Your lateral thinking and knowledge of lab kit could help us solve a tricky measuring problem in building-physics.
One of the problems we get in modelling the heat demands of buildings, is getting an accurate number for the building's thermal conductivity as a whole. Even when we know the materials it's built from, variations in material quality, thickness, and build-consistency, mean that the calculation of the composite thermal conductivity is frequently wrong. Now, yes, if we could get all of the very specific information on the exact materials, and the exact locations of every thermal bridge, we could calculate the building's thermal conductivity from first principles. But that's very rarely possible. (incidentally, we also need to know the thermal mass, but the calculation tends to be a bit more forgiving about measurement inaccuracies, and close enough may be good enough)
So, it strikes me that there is almost certainly some kit in use by physicists in labs or industry, that could be co-opted for this purpose. Something that could be taken to different dwellings, to measure the thermal conductivity of specific walls, floors, or whole buildings, and that would allow the measurement to be done within one day. [edit 1:] Note that in general, we will have access to the inside as well as the outside of a building.[end edit 1]
It seems that the use of thermal cameras hasn't been entirely successful, due to problems with calibration, and with variations in reflectivity and emissivity of different materials.
Buildings are almost never in thermal equilibrium, and often have high thermal mass, so simply releasing a known quantity of low-grade heat in the dwelling and recording time-series of temperature of inner air, wall, outer wall, as well as recording times series of external air temperatures, could be doable, but it would typically be difficult to establish what the initial and final conditions are (e.g. how much heat is stored in the building, at the start and at the end).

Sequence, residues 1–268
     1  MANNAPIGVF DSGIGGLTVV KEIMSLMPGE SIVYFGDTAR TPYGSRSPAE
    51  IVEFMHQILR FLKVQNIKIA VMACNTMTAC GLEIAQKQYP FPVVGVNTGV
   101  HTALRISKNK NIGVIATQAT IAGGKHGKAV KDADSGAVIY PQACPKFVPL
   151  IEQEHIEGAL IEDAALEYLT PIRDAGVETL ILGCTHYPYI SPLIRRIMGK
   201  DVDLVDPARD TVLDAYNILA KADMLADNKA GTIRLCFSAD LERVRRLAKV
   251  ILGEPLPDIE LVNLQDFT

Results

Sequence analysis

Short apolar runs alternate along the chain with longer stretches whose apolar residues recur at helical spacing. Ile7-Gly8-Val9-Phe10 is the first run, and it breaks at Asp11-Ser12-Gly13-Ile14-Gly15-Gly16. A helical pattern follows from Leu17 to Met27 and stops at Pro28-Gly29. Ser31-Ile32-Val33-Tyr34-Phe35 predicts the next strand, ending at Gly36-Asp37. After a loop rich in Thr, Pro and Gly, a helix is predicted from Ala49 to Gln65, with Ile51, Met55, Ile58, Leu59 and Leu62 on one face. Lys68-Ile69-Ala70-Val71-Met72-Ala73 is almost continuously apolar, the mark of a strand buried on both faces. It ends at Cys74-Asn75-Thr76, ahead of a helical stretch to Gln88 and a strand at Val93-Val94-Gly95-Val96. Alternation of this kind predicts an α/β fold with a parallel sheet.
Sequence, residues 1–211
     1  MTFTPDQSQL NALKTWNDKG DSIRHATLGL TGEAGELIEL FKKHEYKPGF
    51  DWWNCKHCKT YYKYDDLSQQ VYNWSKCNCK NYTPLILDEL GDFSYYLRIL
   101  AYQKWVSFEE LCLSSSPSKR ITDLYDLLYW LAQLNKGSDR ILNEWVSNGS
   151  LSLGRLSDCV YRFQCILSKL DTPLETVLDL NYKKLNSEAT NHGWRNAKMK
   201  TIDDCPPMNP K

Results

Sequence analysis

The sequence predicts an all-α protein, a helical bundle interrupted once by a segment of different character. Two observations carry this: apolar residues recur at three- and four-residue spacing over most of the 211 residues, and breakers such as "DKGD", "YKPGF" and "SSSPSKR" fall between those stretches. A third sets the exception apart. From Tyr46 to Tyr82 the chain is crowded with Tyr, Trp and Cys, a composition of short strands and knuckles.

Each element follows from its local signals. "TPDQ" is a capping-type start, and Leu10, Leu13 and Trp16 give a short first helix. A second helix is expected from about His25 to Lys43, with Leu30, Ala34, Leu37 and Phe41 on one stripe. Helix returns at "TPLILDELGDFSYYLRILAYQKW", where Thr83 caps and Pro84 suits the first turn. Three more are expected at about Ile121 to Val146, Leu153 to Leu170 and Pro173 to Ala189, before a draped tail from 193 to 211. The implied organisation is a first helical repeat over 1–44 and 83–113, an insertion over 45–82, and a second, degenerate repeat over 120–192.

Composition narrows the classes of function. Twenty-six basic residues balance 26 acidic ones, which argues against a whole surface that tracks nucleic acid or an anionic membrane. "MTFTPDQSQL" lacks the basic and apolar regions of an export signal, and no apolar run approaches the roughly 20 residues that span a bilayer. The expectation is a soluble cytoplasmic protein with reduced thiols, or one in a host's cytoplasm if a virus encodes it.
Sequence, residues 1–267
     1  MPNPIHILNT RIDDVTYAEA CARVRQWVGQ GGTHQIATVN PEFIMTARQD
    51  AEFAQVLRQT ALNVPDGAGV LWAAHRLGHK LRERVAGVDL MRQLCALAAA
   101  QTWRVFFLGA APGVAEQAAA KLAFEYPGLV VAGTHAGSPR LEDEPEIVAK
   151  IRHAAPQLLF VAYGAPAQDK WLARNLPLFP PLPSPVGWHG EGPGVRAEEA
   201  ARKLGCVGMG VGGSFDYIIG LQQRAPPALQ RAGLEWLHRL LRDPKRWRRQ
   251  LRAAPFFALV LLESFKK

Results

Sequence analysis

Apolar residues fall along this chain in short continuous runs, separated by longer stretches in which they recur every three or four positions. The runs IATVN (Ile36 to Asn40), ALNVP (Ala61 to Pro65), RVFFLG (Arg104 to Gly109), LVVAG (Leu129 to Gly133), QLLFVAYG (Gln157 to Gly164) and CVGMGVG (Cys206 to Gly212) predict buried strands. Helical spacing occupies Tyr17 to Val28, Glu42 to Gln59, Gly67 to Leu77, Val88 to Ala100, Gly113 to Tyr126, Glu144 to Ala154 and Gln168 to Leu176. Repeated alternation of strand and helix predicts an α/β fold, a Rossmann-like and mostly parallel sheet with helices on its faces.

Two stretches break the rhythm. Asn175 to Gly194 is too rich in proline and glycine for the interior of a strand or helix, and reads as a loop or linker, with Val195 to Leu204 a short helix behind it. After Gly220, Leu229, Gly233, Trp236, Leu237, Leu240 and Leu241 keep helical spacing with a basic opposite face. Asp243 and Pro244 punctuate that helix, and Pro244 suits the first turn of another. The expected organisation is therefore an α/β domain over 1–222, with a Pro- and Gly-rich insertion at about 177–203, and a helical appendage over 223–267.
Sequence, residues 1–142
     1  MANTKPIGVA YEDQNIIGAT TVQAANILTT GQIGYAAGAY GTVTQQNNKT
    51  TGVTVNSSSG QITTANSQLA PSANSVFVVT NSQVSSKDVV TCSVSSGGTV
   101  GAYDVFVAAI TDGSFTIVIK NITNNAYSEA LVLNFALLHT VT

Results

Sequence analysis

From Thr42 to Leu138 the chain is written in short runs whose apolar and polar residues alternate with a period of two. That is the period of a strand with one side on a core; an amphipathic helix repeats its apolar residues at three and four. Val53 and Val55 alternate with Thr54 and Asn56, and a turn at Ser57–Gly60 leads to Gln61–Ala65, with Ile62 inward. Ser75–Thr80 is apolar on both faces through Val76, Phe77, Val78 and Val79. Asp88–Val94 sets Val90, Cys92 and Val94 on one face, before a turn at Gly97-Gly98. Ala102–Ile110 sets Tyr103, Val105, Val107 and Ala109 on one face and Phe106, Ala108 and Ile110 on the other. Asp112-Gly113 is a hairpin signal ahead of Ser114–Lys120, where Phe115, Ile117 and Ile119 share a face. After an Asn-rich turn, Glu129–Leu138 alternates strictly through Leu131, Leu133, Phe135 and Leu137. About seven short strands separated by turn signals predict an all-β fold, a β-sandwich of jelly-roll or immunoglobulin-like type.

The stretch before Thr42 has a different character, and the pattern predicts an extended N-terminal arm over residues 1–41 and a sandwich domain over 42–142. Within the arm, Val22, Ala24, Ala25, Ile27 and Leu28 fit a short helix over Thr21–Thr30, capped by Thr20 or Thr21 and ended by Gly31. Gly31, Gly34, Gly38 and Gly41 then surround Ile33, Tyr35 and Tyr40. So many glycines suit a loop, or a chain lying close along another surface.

Testing must be non-destructive: that is, we can't submit surfaces to tests that would damage them. So no super-heating or deep freezing, if it would cause permanent damage.
[edit 2: supplementary information prompted by a question about using historic information about energy consumption to deduce conductivity:]
Historic energy use of dwellings does provide some information; however, it is often hard to obtain for a lot of dwellings (being commercially sensitive); and, as generally we don't know the long-term pattern of internal temperatures, we can't deduce the building's thermal conductivity. We may know how much energy was used, but we don't know how much warmer than external temperatures did it keep the building, nor for how long. It turns out that observed thermostat settings aren't useful for this, for several reasons.
[end edit 2]
[edit 3]We are interested heat losses from both conduction, convection and radiation. Convection is sometimes estimated using data from a pressurisation test, which isn't always easy to do. And we're interested in conduction and radiation losses as well as convection losses. Some heat flux sensors have been tried, but apparently without much success. If there have been recent advances in heat flux sensors, I'd love to hear about them.[end edit 3]
I'm not inviting speculation: I'm looking for a factual answer about specific tests to yield specific measurements about the physics of dwellings.